Because a threat might unavoidably drag on for decades or even centuries - Rome and the Germans & Gauls come to mind - is not a basis for deciding whether or not that threat should be confronted, only the fact that the threat exists, is.

What determines our best defense against them, is their intent, willingness and ability to act on their hate. If at some point our military, and political, leaders throw up their hands and say "We've tried everything we can think of. Glass it is.", then that will be something which they succeed in bringing upon themselves... sorta like the people who commit 'suicide by police' - it's not the policemen’s choice (or blame) whether or not to shoot the man running at them with a gun, it's the choice of the nut with the gun, and why he's doing it is also of no concern whatsoever, or even whether or not the gun is later found to be unloaded.

The only valid criteria at the point of decision is that the guy has a gun, and is running at the cop and screaming that he's going to kill him. Bang. And if necessary, Bang. Bang. Bang.

And if the cop does anything other than shoot that nut where he has the best chance of hitting and stopping him, then the cop would be in the wrong, especially if there are innocent bystanders in the vicinity.

Bang, boom or ka-blooey, are only matters of degree, the issue and decision is the same.

9/13/2011 09:55:00 AM  
Blogger Van said...

Julie said "if I didn't know better, I'd think Gabe was William"


Ehhh... I don't think so. I did, hence my first 'gecko rube', but I don't think he's of the same stuff.

I could be wrong of course. Not like it'd be the first time.

9/13/2011 09:57:00 AM  
Blogger julie said...

Oh, I know he's not William, I was thinking more of the underlyin structure of his style of argument.

9/13/2011 10:04:00 AM  
Blogger Van said...

Julie said "... I was thinking more of the underlyin structure of his style of argument"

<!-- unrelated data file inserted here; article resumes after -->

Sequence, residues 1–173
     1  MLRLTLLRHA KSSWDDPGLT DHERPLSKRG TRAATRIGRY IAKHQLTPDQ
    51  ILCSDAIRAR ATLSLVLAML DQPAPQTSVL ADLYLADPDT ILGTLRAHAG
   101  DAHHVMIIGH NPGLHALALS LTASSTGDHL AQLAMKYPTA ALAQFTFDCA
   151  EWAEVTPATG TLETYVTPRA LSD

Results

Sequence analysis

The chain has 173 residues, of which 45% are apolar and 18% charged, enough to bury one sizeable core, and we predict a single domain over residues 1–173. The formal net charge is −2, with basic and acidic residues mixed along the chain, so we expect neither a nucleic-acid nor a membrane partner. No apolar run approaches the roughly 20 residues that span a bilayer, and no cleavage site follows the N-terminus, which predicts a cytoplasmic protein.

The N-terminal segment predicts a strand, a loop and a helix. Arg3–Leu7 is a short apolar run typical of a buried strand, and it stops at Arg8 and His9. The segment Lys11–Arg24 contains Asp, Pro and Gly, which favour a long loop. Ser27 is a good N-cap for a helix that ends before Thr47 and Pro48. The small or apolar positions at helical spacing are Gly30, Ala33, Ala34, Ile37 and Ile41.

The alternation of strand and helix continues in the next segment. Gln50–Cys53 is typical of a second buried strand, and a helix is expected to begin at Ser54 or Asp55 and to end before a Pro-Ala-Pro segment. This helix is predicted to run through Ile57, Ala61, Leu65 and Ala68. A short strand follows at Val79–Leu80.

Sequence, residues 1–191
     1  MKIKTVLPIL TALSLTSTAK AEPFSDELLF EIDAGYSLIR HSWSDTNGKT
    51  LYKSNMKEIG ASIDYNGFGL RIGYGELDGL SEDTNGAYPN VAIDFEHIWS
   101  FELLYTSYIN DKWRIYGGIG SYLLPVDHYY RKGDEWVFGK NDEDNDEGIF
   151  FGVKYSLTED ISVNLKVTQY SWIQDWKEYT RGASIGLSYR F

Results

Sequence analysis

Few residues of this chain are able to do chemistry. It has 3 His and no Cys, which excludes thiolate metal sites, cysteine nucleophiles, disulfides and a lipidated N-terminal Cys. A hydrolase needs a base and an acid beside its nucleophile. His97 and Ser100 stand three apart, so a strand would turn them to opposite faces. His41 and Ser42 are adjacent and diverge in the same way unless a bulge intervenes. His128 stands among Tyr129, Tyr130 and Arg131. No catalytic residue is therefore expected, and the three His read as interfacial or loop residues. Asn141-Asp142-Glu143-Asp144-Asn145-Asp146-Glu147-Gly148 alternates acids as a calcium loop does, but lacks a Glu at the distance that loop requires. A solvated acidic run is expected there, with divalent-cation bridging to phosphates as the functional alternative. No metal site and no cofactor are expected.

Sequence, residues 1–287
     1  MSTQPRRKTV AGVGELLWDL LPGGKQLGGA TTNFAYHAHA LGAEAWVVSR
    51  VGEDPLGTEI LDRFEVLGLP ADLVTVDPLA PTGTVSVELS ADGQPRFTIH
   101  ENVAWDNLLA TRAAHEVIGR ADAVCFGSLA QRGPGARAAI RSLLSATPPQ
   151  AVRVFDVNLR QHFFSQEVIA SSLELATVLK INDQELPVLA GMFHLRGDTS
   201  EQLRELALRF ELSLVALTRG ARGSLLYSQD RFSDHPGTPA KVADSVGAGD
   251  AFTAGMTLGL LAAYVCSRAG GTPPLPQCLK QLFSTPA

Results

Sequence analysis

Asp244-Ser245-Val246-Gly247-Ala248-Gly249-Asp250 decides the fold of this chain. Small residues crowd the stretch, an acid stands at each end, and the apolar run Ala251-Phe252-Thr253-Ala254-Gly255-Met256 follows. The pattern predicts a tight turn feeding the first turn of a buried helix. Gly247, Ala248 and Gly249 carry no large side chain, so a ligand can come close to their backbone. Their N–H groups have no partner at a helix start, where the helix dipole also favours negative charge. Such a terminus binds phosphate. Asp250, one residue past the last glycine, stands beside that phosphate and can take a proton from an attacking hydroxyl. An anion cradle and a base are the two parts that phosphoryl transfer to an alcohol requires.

Well... I was too. The earlier ones I did think that, but not the later ones... but we'll see.

At first I thought he was the recurrent troll who likes to mix up baseball players & existentialist characters names... but we'll see.

9/13/2011 10:09:00 AM  
Blogger julie said...

I hope you're right. Lord knows, I was a real gem when I first jumped into the conversation.

9/13/2011 10:16:00 AM  
Blogger Gabe Ruth said...

Julie,
I recognize the cast of mind here, also. The guy who said Bob should write for NR pretty much nails it. Thing is, I was a pretty orthodox NR type myself until fairly recently, and I still have much that I agree with them (and thus, you here) about. But it seems to me that on this issue, conservatives take a very hard headed stance that will accept no room for consideration of what we are trying to accomplish, and whether the current course is likely to succeed in any sense of that word. For me, the most troubling thing about the NR mindset is the reluctance to question the military. I concur that once we have decided to go to war, you need to let the military do its job. But the goals need to be decided politically. In the NR universe, we just need to keep going back to the generals and asking if they've seen any terrorists in the last week.